Design patent practitioners routinely amend design drawings from solid lines to dashed lines in order to claim a part of the overall design, rather than the entire design.  This has occurred for a number of reasons.  For example, in order to save up front costs, a practitioner may file a single set of drawings directed toward an entire article, showing all the important aspects of the design in solid lines.  Later, after allowance of the initial embodiment, and after enough time has passed to confirm that the design has value, applicants have placed certain features of the claimed design in dashed lines in order to “broaden” the claim of the design patent.  In other cases, such as foreign originating applications, Examiners have permitted practitioners to amend design drawings by showing certain features in dashed lines, such as screw holes or other minor features, even though the originally filed drawings showed all the features in solid lines with solid line contours. 

This practice of converting solid lines to dashed lines has long been permitted by the US Patent Office and is explicitly exempted from being treated as impermissible new matter in MPEP § 1504.04.  At Design Day 2013, the Patent Office announced a change in examination


policy that will have a significant impact on practitioner practices and that could affect thousands of applications that are presently pending.

According to Joel Sincavage, the Design Practice Specialist of Technology Center 2900, the Patent Office has instituted a new examination policy and will no longer routinely permit an applicant to amend solid lines to dashed lines.  The Patent Office described the issue as one where the design was “disclosed, but not described.”  In particular, citing 35 U.S.C. § 112(a), Specialist Sincavage explained that the Patent Office is now rejecting design applications where an applicant amends solid lines to dashed lines, whether it be as part of an initially filed application, or as part of a continuation application.  The reason cited for this is that there is no written description for the design encompassing dashed lines.

MPEP § 1504.04 provides that “[a]n amendment to the disclosure not affecting the claim (such as environment in the title or in broken lines in the drawings), which has no antecedent basis in the application as originally file, must be object to under 35 U.S.C. § 132 as lacking support in the application as originally filed and a requirement must be made to cancel the new matter.”  The MPEP further provides that “[t]he scope of a design claim is defined by what is shown in full lines in the applications drawings. . . . The claim may be amended by broadening or narrowing its scope within the bounds of the disclosure as originally filed.”i   The MPEP provides an example where removal of three-dimensional surface treatment, such as beading, grooves, or ribs, would not be permitted, but that “an amendment that changes the scope of a design by either reducing certain portions of the drawing to broken lines or converting broken line structure to solid lines is not a change in configuration.”ii Thus, the examination policy changes appear to be in direct contradiction to the Patent Office’s previously published examination guidelines.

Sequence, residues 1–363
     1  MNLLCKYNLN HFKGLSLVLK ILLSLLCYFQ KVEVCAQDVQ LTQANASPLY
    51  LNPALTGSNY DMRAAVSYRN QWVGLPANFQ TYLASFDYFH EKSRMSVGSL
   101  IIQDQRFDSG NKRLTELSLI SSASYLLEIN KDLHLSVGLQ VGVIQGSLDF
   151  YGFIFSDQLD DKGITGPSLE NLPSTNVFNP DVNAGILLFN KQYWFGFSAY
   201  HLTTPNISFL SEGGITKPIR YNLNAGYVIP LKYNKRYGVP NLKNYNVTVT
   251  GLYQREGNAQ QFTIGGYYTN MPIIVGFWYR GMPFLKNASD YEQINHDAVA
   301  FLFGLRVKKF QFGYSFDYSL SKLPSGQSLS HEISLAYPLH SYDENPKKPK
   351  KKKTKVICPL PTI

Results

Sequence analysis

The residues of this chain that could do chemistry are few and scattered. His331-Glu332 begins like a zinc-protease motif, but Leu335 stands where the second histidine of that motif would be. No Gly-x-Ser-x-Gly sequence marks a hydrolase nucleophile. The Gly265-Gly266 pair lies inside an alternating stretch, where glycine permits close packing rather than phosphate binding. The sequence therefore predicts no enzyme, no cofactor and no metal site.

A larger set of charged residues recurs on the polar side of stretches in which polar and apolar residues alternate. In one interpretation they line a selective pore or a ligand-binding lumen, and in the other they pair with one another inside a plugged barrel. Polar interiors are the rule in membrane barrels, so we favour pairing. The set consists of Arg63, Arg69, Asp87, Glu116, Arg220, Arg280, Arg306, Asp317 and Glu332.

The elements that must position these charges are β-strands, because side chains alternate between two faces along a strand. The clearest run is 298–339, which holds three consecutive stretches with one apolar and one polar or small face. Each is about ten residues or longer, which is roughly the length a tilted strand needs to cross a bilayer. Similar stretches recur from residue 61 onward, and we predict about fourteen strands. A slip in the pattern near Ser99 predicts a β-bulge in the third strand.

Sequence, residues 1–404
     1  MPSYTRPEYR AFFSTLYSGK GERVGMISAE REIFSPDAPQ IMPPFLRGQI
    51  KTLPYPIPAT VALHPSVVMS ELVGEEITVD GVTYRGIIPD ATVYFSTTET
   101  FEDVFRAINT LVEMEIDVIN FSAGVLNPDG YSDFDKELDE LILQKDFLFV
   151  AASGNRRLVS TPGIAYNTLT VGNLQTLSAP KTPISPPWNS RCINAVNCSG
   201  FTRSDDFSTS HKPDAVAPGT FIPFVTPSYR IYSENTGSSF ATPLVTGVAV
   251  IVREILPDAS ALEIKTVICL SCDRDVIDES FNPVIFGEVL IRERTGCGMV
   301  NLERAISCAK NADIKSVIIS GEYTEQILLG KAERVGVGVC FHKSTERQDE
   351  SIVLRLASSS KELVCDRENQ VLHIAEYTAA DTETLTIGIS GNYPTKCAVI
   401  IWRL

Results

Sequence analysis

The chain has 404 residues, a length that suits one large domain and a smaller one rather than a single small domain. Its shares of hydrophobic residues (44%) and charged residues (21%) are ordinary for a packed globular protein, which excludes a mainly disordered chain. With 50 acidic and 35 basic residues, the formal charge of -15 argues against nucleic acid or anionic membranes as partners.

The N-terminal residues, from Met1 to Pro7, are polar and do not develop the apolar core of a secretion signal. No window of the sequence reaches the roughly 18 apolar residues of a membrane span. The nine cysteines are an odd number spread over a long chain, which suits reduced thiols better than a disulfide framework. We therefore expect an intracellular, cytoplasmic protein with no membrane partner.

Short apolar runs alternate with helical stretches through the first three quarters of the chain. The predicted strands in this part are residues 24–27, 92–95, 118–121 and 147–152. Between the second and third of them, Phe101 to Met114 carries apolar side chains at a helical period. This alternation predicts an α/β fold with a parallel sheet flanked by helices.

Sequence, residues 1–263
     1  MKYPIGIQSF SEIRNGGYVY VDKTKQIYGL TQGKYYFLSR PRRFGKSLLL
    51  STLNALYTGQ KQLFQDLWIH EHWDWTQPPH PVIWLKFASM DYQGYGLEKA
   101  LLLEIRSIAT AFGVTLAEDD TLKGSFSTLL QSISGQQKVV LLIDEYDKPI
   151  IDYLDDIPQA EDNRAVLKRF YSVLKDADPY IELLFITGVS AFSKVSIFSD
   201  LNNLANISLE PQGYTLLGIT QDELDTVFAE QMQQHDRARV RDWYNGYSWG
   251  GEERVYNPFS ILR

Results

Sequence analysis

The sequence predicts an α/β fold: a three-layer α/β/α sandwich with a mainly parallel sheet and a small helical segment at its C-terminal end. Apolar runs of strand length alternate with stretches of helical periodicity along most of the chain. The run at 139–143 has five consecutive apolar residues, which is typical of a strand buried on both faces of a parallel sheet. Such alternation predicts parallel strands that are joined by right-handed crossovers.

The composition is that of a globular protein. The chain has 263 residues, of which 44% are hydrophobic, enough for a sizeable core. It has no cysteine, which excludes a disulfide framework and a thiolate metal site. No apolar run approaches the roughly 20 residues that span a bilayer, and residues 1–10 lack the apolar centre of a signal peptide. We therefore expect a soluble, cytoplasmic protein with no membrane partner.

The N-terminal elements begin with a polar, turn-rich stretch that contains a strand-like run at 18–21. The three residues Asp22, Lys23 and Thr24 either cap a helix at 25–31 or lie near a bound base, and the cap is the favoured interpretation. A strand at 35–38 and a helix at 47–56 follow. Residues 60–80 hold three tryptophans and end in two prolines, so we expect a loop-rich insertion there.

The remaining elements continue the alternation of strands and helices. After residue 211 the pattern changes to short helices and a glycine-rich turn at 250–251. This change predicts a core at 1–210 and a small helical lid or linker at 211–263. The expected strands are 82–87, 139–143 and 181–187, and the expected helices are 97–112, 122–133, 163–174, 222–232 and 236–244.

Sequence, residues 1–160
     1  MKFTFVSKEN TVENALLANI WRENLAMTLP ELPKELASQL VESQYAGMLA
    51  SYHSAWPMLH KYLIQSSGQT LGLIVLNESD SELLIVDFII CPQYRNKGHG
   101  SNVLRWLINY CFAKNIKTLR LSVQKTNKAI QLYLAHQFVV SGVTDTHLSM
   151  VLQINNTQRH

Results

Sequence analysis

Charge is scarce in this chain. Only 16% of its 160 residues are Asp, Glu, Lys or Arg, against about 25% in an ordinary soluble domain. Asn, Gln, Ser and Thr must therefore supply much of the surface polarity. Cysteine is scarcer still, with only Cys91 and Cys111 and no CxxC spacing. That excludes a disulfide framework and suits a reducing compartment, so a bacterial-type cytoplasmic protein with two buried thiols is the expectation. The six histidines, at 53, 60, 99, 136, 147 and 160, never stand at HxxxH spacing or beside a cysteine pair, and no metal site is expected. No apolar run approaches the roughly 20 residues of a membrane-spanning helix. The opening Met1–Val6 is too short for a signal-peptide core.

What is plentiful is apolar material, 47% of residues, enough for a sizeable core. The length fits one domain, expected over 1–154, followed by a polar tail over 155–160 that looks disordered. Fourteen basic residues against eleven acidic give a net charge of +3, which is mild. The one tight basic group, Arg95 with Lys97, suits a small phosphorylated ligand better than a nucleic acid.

Mr. Sincavage explained that there may be times that the Patent Office will permit an amendment from solid lines to dashed line, but that these amendments will only be permitted on a case-by-case basis and the applicant will need to make appropriate arguments in order to overcome a written description rejection. Unfortunately, he provided no examples of what an “appropriate” argument would be.  The purpose of this article is to set forth some potential solutions for addressing this new examination policy and to provide clients with some cost-effective options.

While cases that are presently pending may not meet these new stringent standards and may face examination issues when an applicant tries to amend the drawings, there are a number of possible steps that a practitioner can take in order to avoid written description rejections for new cases and to provide clients with an opportunity to amend their design drawings after filing.  At Design Day 2013, one practitioner suggested filing 100 drawings covering every perceived possible embodiment in the initial application.  Unfortunately, this approach may not be cost-effective for most applicants.  The author submits that there are a number of possible ways to address this issue without spending a fortune on drawings. 

One possible solution is to use language in the initially filed specification that points out what other embodiments are foreseen.  The MPEP provides that both the drawing disclosure and any narrative description in the specification are incorporated into the claim by use of the language “as shown and described.”iii  The MPEP further provides that “a narrative description in the specification can supplement the drawing disclosure to define the scope of protection sought by the claim.”ivWhile the language will not ultimately be permitted to be present in the issued patent, it can serve as a basis for amendments to cover later alternative embodiments.

For example, the author has previously used language in Design Patent Application No.  29/424,218 (now U.S. Patent No. D675,825) to disclaim the height of one of the parts of a design.  The originally filed drawings showed the part in solid lines, but language included in the specification, as filed, stated that “[w]hile the interior walls of the basket are shown as being lower than the top edge of the basket, it should be appreciated that the inner walls may be at the same height as the top edge of the basket or at a different height relative to the top edge of the basket.”  An example of the drawings as filed and amended is shown below: